Dezeen Magazine

Berlin’s Museum of the 20th Century by Herzog & de Meuron

"What an ungainly neighbour for the elegant Mies building"

In this week's comments update, readers are convinced that Herzog & de Meuron has designed its Museum of the 20th Century badly on purpose, to emphasise the beauty of the neighbouring Neue Nationalgalerie. 

Neighbour from hell: Herzog & de Meuron revealed updated plans for the Berlin museum, and readers agree it's no match for the Mies van der Rohe-designed Neue Nationalgalerie it will adjoin.

"What an ungainly neighbour for the elegant Mies building," said a reader going by the name Alfred Hitchcock.

Chejo added: "If the idea was to make Mies' building look prettier, then they achieved it".

"Mies masterpiece will shine brighter in front of this incomprehensible hanger," commented Manuel Baena.

JMFM simply concluded: "Underwhelming".

For this reader, the winning architecture studio is clear:

What do you think of the updated plans? Join the discussion ›

Panasonic's latest wearable device uses blinkers to help users concentrate

Eye opener: readers are disgusted to learn that Panasonic's Future Life Factory is developing wearable blinkers, to keep people distraction-free when working in busy spaces.

"Human workers are literally livestock as far as corporations are concerned. This is a bizarre age we live in. What next?" asked King of Bob.

Nielsr went further: "Funny definition of 'personal space.' Presumably this is cheaper and less embarrassing than admitting open-plan is often unproductive."

"Walls are now a disruptive technology. Walls," added a flabbergasted Michael Hazz.

Jg has a better idea: "Why buy this when you can just write 'f-off' on your cheeks?"

One reader could see potential in the design, but for different reasons:

Would you wear the blinkers? Join the discussion ›

National Kaohsiung Centre for the Arts by Mecanoo

Centre stage: the "world's largest performing arts centre under one roof" is now open in Taiwan, designed by Mecanoo, and commenters are torn over whether it deserves a standing ovation.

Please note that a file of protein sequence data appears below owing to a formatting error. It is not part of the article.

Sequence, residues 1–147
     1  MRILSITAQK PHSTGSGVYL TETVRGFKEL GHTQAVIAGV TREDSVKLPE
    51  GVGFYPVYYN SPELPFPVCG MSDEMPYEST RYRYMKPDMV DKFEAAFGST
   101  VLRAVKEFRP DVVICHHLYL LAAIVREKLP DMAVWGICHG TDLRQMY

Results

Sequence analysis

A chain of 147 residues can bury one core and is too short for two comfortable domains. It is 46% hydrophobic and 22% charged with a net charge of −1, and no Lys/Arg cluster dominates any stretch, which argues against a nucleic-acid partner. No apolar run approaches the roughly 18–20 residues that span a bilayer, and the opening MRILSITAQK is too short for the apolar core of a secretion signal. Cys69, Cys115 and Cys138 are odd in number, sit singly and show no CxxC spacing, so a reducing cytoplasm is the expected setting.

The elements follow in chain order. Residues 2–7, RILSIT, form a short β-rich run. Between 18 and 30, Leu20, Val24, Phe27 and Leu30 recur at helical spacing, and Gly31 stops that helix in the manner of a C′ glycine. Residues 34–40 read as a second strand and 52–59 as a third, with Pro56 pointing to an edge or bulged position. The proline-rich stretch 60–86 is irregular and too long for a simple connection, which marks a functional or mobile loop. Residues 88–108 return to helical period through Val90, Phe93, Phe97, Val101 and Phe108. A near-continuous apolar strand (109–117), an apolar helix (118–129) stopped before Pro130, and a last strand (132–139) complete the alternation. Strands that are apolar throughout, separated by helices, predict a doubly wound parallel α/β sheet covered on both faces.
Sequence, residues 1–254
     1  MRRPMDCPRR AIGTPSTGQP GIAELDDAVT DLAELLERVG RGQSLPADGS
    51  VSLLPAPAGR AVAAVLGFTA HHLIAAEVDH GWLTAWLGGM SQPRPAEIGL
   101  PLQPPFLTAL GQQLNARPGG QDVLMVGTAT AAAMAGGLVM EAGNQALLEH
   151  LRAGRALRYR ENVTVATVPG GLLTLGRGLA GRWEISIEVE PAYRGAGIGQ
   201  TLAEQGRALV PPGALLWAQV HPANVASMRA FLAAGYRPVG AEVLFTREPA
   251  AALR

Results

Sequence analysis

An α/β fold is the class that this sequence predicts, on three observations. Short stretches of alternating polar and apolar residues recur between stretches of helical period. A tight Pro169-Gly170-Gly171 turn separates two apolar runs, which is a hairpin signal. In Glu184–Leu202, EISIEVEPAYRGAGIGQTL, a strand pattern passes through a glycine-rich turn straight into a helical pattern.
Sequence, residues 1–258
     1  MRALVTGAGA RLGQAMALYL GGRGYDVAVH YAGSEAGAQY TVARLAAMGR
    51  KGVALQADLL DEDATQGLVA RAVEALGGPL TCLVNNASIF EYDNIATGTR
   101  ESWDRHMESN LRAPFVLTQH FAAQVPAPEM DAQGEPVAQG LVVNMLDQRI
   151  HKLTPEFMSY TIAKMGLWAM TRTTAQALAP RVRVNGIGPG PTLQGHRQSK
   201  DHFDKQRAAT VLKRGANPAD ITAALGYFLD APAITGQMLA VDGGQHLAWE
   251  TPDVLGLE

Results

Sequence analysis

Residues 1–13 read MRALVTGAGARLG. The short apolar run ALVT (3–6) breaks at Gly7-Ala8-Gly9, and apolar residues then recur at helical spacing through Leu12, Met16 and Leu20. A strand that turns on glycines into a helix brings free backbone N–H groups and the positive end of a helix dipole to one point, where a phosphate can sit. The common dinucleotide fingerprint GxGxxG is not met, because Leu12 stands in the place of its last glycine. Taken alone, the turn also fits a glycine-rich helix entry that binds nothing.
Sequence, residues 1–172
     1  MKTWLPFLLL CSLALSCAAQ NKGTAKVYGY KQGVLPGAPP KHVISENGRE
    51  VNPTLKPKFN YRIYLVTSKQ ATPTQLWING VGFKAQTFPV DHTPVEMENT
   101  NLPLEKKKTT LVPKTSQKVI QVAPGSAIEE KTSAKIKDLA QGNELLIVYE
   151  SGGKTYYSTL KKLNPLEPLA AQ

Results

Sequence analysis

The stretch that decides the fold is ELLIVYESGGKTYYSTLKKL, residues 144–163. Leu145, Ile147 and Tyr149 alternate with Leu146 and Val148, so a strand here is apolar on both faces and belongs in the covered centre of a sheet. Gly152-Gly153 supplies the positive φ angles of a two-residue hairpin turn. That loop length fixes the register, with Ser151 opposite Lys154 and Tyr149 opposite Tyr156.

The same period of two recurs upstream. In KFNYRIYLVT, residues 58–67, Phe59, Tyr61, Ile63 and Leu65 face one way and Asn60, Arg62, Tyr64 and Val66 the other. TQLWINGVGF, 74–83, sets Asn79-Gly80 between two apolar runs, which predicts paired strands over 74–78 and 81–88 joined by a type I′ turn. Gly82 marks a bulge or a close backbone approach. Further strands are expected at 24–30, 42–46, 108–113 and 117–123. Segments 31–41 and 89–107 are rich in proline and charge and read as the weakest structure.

"The plaza space looks uninspiring and venue fit-out lacks refinement. Overall looks cheap," argued Justas Studio.

Heywood Floyd shared the sentiment: "The whole project looks value-engineered and too big for the designers to manage properly or conceptualise as a whole. Not good."

"Can't believe they built this, looks like a surreal and fantastic rendering," said Clouddy in the building's defence.

"This project is incredible from idea to execution. It is a statement project that would have warranted the Pritzker Prize 10 years ago," countered Archi.

This reader made their feelings clear:

Architectural genius or mess? Join the discussion ›

Banksy authenticates work that self-destructed in auction room

Bid farewell: news that a painting sent through a shredder at the moment of its auction sale has been officially confirmed as a work by street artist Banksy has left readers amused.

"This is simply so fantastic. Whether it was staged, the look of surprise and shock from onlookers was priceless – certainly worth the £1 million," applauded Arc.

Steve Hassler agreed: "I think the real story is that someone paid that much in the first place. Good for him on all accounts."

"The goal was to expose the superficiality of selling his work, while selling the work. That's why Banksy at his best is so great, he can have it both ways," added Heywood Floyd.

Le Cochon Bleu commented: "It brings to mind quite a funny, and at the same time sad, meaning of the aphorism 'art will eat itself'."

This reader was less impressed:

Self-indulgent PR stunt or clever conversation starter? Join the discussion ›